Sunday: TBD vs. Alex Wood (1-0, 3.60 ERA)

The Mets have yet to announce a starting pitcher for Sunday’s contest, but we can assume it will be opening-day starter Bartolo Colon. Colon was impressive in the win over Washington, pitching six innings and surrendering only three hits and one run. In a game in which he became the oldest Mets pitcher to start on Opening Day (40), Colon looked like he 15 years younger (well, maybe five).

Colon’s effectiveness at his ripe old age is due to pinpoint control his fastball, spotting it on both sides of the plate and up and down in the zone. Surprisingly, Colon has won 43 games in the last three seasons, including a team-leading 15 in 2014 for the Mets. Location doesn’t necessarily go away with age, so we could see Colon putting together more solid outings as the year progresses.

Wood pitched five innings in a win over the Marlins in 2015 debut, allowing four hits and one run. He made 35 appearances last year, including 24 starts. Wood had great success in his 171.2 innings pitched and showed that he can strike hitters out at the major league level with 170 in 2014. Wood will get better as he continues to gain experience and has a secure spot in the Braves rotation.

Players to watch

Mets:

I don’t know if Travis d’Arnaud could have asked for a better start to the season. He is 5-11 (.455 AVG) with 4 RBI to begin the 2015 campaign. According to Mark Simon of ESPN, d’Arnaud could become the first Mets catcher ever to have an RBI in each of the first four games of season. We’ll see if he can get it done against Stults on Friday.

Michael Cuddyer is your early clubhouse leader in strikeouts with five through three games. I know it’s early, but the 21-million-dollar-man might want to improve his .231 average before Mets fans jump to conclusions and assume that signing him wasn’t worth giving up a first-round pick; maybe some have already made the assumption.

Braves:

With Jason Heyward, the Upton brothers and now Kimbrel gone, Freddie Freeman is the new face of the franchise. He was also unsurprisingly one of the top performers in the Miami series with five hits, including two doubles, in 13 at-bats (.385 avg.). If the Braves do any damage on offense this series it will be because of Freeman.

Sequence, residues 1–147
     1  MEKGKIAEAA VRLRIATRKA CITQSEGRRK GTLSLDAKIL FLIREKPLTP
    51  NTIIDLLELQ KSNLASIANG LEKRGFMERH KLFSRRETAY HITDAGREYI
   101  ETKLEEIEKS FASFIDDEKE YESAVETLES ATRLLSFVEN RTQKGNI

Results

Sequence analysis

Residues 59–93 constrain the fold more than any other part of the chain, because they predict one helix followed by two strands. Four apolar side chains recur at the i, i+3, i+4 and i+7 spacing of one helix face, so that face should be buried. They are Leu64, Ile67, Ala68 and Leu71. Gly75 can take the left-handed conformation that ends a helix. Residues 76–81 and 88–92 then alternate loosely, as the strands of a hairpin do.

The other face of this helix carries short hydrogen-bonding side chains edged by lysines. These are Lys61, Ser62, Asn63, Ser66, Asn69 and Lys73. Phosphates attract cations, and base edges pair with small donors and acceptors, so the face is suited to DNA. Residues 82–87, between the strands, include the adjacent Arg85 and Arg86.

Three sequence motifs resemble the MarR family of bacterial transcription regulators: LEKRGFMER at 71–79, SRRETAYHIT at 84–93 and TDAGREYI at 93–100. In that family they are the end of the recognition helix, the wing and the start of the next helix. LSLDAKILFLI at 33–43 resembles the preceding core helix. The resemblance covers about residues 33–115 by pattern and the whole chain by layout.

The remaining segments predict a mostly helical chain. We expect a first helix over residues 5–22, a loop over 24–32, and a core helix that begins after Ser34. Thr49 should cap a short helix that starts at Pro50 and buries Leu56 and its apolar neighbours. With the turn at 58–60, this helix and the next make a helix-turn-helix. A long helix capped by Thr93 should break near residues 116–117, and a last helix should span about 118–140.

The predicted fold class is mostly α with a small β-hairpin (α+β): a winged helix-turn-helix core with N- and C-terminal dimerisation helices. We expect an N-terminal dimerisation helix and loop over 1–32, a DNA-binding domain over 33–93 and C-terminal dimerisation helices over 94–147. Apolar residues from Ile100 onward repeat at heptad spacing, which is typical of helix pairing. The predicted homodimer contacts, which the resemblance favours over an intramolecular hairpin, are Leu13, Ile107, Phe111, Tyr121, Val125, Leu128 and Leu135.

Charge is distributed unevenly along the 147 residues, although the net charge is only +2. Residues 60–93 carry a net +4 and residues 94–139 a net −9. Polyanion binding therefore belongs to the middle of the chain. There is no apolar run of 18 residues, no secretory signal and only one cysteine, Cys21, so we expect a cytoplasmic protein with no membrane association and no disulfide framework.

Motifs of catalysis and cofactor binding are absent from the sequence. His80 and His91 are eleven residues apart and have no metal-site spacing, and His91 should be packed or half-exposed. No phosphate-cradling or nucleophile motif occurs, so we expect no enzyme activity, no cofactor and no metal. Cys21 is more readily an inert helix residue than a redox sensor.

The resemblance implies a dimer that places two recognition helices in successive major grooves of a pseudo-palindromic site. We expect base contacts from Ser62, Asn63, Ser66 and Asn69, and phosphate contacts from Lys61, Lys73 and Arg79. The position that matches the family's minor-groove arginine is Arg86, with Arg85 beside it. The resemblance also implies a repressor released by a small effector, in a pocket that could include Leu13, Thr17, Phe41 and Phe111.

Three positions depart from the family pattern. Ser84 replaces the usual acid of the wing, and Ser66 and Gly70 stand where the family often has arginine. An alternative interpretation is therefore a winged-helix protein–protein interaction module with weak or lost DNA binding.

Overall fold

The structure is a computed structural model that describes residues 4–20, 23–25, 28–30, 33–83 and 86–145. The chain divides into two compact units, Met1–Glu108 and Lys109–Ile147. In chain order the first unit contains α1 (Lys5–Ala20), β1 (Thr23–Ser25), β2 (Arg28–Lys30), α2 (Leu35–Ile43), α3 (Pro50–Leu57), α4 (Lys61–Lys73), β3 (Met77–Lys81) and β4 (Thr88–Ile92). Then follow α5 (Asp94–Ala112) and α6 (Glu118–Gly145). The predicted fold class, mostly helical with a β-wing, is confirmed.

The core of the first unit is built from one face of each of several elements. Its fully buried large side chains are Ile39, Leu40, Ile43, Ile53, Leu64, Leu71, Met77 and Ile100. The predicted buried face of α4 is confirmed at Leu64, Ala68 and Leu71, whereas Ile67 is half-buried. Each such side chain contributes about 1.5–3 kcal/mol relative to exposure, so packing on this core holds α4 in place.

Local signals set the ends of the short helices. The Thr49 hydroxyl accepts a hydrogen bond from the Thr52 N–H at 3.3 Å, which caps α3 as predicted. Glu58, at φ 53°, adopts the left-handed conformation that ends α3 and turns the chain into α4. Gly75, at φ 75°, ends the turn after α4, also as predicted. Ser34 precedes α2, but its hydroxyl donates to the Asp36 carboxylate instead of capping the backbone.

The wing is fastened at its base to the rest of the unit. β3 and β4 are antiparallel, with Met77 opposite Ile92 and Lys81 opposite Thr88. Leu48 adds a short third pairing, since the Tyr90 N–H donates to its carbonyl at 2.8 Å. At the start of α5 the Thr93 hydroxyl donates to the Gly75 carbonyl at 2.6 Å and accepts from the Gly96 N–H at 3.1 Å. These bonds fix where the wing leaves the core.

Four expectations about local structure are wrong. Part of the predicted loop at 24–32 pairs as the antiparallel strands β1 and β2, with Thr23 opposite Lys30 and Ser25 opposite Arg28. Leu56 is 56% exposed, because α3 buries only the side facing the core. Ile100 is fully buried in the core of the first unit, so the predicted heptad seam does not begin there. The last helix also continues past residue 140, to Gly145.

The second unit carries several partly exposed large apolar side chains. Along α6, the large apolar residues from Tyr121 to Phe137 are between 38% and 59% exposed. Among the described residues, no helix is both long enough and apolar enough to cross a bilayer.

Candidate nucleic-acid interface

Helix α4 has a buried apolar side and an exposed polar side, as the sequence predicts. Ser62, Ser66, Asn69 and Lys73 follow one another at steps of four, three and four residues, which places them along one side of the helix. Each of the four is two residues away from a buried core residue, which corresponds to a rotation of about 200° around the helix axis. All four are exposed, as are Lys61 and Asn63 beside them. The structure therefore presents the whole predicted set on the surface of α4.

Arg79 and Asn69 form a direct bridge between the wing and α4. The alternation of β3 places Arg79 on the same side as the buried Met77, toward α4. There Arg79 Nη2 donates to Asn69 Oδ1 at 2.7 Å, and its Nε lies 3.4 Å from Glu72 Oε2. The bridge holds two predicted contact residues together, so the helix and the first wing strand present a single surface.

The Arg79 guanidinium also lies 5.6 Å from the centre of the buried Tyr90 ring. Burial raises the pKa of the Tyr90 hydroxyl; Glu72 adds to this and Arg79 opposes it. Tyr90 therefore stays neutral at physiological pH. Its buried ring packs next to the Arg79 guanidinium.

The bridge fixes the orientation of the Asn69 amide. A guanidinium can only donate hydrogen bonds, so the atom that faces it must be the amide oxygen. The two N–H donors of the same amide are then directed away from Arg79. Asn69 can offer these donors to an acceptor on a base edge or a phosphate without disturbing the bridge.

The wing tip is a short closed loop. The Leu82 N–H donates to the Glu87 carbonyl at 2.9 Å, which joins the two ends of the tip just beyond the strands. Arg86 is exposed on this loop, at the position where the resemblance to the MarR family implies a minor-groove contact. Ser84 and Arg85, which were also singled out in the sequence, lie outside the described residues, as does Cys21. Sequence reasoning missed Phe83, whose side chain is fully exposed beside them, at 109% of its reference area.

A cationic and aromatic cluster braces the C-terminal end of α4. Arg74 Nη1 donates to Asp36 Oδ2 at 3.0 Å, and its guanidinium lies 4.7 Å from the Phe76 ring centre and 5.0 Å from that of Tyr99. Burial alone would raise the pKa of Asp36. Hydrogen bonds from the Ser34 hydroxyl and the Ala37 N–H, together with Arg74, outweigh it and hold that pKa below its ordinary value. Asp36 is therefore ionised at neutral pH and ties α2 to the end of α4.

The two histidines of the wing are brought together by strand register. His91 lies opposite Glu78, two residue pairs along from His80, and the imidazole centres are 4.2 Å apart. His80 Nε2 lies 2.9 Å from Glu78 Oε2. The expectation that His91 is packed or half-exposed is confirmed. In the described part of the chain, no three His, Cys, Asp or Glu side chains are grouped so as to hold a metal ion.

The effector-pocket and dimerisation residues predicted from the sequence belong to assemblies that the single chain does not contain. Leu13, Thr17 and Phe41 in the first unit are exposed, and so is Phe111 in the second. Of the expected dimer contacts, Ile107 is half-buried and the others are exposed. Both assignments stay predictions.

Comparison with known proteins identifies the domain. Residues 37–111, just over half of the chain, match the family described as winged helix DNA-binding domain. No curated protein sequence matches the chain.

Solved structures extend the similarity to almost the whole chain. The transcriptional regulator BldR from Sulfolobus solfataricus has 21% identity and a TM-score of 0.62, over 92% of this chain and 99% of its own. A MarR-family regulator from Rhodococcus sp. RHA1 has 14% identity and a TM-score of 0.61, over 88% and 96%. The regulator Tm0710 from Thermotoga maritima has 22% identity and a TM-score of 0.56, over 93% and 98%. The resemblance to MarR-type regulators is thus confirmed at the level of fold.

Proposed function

Eric Young Jr. will need to be more productive out of the leadoff spot for the Braves. The 2-10 he went in the opening series is not going to get the job done. Gonzalez has already used Jace Peterson to hit leadoff once and he could do it a whole lot more if EYJ continues to hover around the Mendoza line.

Though Mets fans are familiar with ex-Met EYJr, there are a number of other new faces on the Braves. The previously mentioned Peterson and Phil Gosselin platoon at second base; Jonny Gomes, Cameron Maybin, Nick Markakis, and Young, Jr., comprise the completely overhauled outfield; Christian Bethancourt, who was promoted from the minors at the tail end of last year, starts behind the plate — backed up by A.J. Pierzynski; Kelly Johnson returns to beef up the bench, along with Alberto Callaspo; and Jim Johnson, Jason Grilli, Cody Martin, and Brandon Cunniff are new arms in the bullpen. Oh, and Wandy Rodriguez, Trevor Cahill, and the aforementioned Stults make up the back of the starting rotation. Not exactly the Atlanta team you remember from 2014, eh? If nothing else, the 2015 Braves are … different.

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Halting Matt Harvey is NOT Safe

matt-harvey-mound

The Mets have slowed down Matt Harvey‘s rehab schedule, and have planned to shut him down completely at the end of the season. Their reasoning? The “cautionary tale” of Jeremy Hefner‘s setback. It’s illogical, and dangerous — quite the opposite of their supposed intention of keeping Harvey safe.

I’m not sure why everyone involved in baseball thinks that slowing down the rehab process is somehow safe, or will prevent reinjury. It’s not just with Harvey, it’s with a number of MLB pitchers coming back from injury — teams think it’s OK to go off the prescribed medical plan and do their own thing. It’s akin to tossing the map, GPS, and directions out the window and driving the car off the road and onto an uncharted trail. If you’re not going to follow directions, and go your own route, you’re doing so at your own risk, and you don’t know where you’ll wind up — nor what you might encounter.

Pitching motion expert Angel Borrelli explains the risks involved when going against a prescribed rehabilitation schedule in the most recent episode of The Fix:

Current Baseball Podcasts at Blog Talk Radio with On Baseball on BlogTalkRadio